Why is phenyl shift preferred over methyl shift in cumene hydroperoxide reaction?

In the cumene process, which converts cumene to phenol and acetone, there is a step where cumene hydroperoxide undergoes acid-catalyzed rearrangement:

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Why does the phenyl shift happen preferentially? The methyl group is smaller and should have a higher migratory aptitude.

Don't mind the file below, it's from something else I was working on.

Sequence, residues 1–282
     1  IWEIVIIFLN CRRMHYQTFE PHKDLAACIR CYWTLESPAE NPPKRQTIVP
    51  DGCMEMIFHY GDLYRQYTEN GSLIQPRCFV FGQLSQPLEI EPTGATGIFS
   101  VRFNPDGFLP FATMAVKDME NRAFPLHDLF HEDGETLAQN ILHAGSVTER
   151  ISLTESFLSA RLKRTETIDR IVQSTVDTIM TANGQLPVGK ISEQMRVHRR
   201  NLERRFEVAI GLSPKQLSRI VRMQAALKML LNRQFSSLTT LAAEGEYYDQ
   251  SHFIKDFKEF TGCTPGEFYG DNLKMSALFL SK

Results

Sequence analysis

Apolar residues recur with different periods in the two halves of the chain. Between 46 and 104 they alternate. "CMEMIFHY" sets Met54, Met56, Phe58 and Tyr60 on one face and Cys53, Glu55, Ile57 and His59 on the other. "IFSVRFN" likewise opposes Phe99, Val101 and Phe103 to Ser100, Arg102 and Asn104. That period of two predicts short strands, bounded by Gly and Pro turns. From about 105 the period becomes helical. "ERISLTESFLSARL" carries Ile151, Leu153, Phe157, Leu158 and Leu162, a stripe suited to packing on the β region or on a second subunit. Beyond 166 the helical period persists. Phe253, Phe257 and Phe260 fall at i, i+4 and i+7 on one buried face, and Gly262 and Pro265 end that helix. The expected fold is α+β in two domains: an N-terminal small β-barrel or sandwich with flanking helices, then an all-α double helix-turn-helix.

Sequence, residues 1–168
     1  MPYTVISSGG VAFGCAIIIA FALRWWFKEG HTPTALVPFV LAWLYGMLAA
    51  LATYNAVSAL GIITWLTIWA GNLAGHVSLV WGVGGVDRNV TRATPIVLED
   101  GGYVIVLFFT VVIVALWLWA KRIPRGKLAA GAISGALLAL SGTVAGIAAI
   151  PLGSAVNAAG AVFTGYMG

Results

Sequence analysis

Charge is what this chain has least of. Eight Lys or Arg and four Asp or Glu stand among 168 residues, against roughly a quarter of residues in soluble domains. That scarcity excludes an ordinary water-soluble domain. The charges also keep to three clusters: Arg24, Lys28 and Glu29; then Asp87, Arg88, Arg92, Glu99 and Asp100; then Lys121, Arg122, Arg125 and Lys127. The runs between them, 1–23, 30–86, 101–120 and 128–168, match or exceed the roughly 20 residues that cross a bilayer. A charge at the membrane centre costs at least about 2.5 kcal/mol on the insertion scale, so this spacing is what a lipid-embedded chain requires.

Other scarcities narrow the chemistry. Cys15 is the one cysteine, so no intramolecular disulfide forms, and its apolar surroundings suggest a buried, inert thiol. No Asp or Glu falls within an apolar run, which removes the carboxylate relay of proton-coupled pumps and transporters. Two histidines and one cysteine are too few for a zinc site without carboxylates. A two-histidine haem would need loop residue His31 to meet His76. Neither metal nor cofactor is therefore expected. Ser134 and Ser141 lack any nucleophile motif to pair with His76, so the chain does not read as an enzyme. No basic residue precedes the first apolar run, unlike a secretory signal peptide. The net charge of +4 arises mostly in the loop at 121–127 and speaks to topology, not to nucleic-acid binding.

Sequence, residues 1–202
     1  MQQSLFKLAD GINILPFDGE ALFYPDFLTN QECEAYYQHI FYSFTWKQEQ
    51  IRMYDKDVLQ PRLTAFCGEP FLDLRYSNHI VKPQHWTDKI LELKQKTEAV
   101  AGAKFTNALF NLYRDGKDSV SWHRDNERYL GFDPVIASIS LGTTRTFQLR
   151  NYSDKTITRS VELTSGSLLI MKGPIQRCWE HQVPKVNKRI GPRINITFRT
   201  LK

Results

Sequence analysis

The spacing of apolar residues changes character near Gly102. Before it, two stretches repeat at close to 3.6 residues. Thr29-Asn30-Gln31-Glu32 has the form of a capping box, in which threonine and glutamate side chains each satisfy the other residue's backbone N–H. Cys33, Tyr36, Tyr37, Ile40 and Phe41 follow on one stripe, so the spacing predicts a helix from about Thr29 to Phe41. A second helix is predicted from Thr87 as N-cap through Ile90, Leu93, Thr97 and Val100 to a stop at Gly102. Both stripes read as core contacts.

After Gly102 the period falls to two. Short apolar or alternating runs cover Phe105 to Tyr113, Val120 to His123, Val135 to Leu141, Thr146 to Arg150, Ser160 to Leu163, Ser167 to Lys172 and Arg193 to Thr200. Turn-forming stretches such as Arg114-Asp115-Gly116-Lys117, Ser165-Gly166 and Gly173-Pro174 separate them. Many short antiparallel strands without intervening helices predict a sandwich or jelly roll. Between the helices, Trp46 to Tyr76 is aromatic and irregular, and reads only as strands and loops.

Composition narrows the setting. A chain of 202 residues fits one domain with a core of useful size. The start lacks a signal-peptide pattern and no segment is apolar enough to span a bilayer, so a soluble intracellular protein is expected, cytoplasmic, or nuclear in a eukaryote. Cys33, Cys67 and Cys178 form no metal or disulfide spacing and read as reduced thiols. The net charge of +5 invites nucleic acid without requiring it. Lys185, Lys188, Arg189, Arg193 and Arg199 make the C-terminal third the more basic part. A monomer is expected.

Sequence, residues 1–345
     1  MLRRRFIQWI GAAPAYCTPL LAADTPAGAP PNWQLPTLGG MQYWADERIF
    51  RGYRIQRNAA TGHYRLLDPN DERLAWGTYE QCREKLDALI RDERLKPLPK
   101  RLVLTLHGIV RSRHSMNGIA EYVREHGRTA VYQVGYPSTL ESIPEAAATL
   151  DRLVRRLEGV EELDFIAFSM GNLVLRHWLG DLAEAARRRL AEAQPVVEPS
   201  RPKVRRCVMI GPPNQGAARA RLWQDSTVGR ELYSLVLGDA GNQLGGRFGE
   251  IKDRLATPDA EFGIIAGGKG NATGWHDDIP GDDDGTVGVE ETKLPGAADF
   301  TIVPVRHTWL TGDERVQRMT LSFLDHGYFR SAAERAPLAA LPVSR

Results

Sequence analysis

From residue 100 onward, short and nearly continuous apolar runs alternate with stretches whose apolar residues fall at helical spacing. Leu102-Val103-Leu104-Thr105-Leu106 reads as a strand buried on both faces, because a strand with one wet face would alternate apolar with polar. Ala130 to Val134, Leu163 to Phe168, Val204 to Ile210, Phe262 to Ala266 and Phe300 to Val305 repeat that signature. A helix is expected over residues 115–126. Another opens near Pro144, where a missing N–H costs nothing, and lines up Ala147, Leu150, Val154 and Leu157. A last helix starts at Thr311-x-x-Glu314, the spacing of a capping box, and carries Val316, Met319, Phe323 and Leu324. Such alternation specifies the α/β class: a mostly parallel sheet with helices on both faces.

Phenyl shifts do not usually happen by the normal 1,2-sigmatropic "hop". Instead, the phenyl group shifts by more of a "walk". It's not really a sigmatropic rearrangement. First, one of the $\pi$-bonds in the phenyl group can attack the electrophilic center. This leads to formation of a spirobicyclic intermediate where the cation is delocalized throughout the rest of the ring. Then, the three-member ring breaks open at the expense of a carbon-carbon bond to rearomatize the phenyl ring and form the new resonance stabilized cation.